I had to work on another project today. So not much of an update.
They came out fairly straight with the one on the right having a 2-1/2 thousand warp in it because I ground it a wee bit thin for pre-heat treat. It's not a problem and will grind out pretty easy.
I use a marble tile from Lowe's with a piece of 60 grit sand paper to prep the liner material. The tile allows controlled even pressure. Now I clean everything up with alcohol and let it dry overnight.
This is why I love Koa. At 60 grit with rubbing alcohol most of its beauty is coming out. Can't wait too see it finished.
Had to go into work today for awhile. This was a good thing, while I was in town I stopped by a pawn shop and bought a $5 1/4" drill. One of these knives is going to have domed pins. I didn't want to drill a bunch of holes in bar stock for different lengthy pins.
I pulled the Chuck out of it and I'm going to save the rest for what ever project 10 years down the road.
A flat file made short work of the rounded ends of the Chuck.
Then I chucked it up in the drill press and used the granite slab to smooth everything out. The hard wood board was used for giving the face some polish.
Everything is nice and square now.
First try turned out ok. I'm going to have to work on my hammer technique some.
I don’t think so. Seems a lot of people from brand new to highly experienced visit these forums. The experienced might skim it but still find value and interest and the brand new will study your methods and learn. I don’t think it’s too much at all.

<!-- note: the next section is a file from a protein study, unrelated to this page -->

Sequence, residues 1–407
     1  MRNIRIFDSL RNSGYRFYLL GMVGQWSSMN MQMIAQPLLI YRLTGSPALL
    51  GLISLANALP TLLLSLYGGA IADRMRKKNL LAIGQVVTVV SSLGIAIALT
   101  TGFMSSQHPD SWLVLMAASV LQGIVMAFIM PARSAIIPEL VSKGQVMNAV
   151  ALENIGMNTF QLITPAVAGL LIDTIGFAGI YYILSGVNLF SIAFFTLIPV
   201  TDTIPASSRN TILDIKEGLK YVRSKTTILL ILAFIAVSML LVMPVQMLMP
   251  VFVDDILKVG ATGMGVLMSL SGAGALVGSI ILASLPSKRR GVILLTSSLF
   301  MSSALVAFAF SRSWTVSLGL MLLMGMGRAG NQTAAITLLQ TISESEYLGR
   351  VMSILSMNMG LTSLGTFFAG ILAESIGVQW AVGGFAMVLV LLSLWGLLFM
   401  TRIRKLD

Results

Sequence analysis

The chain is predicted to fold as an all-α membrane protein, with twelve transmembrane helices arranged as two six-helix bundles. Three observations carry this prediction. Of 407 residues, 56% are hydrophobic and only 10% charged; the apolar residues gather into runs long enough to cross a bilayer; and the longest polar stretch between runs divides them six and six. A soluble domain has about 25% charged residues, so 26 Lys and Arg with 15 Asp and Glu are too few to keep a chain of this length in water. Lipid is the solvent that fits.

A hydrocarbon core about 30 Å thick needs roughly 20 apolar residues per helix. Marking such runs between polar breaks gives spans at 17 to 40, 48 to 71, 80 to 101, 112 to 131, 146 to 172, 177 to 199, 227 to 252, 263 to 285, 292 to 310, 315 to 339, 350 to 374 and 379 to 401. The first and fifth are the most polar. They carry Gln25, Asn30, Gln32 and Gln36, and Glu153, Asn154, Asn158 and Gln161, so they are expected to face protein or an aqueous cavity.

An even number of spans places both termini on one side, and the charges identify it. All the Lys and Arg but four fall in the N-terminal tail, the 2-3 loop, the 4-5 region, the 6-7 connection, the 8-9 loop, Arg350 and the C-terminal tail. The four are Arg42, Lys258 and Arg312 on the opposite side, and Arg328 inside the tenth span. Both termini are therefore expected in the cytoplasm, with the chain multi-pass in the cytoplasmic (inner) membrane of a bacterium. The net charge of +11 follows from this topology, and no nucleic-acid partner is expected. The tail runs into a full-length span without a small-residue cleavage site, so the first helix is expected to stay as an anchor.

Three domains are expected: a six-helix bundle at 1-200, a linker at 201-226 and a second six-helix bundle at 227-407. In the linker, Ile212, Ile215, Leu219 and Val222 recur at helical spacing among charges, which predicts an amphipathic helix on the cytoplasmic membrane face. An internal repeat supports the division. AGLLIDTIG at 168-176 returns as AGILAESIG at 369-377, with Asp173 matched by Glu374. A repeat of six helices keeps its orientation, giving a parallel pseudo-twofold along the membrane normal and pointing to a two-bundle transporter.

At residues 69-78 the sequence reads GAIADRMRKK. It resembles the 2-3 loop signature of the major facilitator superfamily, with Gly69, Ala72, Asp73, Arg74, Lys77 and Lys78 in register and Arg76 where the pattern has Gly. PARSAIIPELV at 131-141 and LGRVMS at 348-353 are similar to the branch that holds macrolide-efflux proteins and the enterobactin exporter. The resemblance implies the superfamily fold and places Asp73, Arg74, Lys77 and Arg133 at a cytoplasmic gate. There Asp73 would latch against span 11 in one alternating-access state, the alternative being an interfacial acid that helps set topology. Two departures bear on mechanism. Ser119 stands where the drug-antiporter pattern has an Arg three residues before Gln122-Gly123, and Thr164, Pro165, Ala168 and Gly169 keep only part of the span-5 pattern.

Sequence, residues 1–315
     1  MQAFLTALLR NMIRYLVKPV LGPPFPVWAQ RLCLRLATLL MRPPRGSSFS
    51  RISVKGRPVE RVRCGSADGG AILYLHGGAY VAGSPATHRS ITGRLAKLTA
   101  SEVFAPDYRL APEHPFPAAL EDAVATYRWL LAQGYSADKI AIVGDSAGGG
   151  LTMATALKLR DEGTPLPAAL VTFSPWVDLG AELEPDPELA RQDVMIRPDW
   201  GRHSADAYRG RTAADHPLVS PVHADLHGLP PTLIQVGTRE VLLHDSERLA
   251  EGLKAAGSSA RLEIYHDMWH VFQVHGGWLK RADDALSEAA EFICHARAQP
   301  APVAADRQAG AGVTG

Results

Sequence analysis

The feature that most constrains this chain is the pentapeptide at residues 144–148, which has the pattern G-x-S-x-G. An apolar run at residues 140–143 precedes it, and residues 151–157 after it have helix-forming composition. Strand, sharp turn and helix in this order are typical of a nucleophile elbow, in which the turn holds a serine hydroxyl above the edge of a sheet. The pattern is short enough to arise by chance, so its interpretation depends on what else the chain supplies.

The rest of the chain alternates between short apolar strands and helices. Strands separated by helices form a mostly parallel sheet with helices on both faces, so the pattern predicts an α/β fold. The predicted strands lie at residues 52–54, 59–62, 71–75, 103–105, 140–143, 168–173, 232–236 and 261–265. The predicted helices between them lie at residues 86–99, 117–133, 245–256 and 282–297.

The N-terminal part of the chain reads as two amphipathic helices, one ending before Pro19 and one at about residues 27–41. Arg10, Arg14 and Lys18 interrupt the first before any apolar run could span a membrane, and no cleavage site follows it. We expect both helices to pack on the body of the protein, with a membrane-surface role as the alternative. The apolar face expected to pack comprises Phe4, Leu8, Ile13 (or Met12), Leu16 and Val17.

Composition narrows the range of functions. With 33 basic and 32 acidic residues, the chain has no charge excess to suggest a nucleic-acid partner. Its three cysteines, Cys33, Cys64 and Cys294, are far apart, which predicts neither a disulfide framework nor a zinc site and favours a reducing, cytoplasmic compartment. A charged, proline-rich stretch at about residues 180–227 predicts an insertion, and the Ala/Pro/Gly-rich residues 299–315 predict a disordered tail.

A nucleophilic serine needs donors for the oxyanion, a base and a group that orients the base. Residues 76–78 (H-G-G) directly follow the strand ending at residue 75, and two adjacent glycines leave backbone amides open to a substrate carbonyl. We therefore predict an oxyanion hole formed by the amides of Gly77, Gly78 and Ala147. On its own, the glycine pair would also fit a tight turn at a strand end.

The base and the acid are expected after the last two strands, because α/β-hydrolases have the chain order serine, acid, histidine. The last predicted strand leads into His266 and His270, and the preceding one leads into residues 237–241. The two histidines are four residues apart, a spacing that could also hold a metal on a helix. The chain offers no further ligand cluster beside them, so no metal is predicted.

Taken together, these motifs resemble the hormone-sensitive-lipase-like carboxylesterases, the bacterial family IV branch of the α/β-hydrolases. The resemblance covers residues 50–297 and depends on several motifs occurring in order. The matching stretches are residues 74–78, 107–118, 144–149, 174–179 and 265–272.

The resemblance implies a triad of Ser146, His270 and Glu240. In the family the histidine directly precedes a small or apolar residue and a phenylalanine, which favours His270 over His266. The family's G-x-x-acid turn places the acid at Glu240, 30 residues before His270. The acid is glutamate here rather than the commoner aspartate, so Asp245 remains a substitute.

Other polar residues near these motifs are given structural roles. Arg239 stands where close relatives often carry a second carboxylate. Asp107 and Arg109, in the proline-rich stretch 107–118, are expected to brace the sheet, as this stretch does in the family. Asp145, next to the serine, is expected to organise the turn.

This morning I glued the scales to the liner material.
More uses for the marble tiles. I think they were $5 for 6 tiles, they are fairly flat and made flattening handle material, and other miscellaneous things way easier when I was first starting out. Now I'm just used too using them. I use packing tape so the epoxy doesn't stick, the scales pop right off.
So there I was all bright eyed and bushy tailed with the liners all glued up. It's going too be a productive day in the shop, decarb cleaned off the flats, blade clamped in the file guide ready to grind. Then a voice comes over the intercome...... are you ready to go shopping. I tried to put up a good fight for needing to finish these knives.... she wins EVERY TIME!
I wasn't happy with the results that I was getting using hammers that I already had for the domed pins. So I stopped by Habor Freight and bought a tack hammer. The face was pretty rough and uneven. 10 minutes with a 120 grit belt, 600 grit worn out j weight belt, and the buffer made it look a lot better.
Thanks Kevin it's moving slower than I want, but I'm enjoying it.
For new makers reading this thread most of my knowledge has been gained from this forum, YouTube, and friendly makers that will respond to my texts no matter how stupid the questions. I'm still inexperienced with around 30 knives under my belt. So if any of the seasoned vets want to chime in and offer advise I'm open.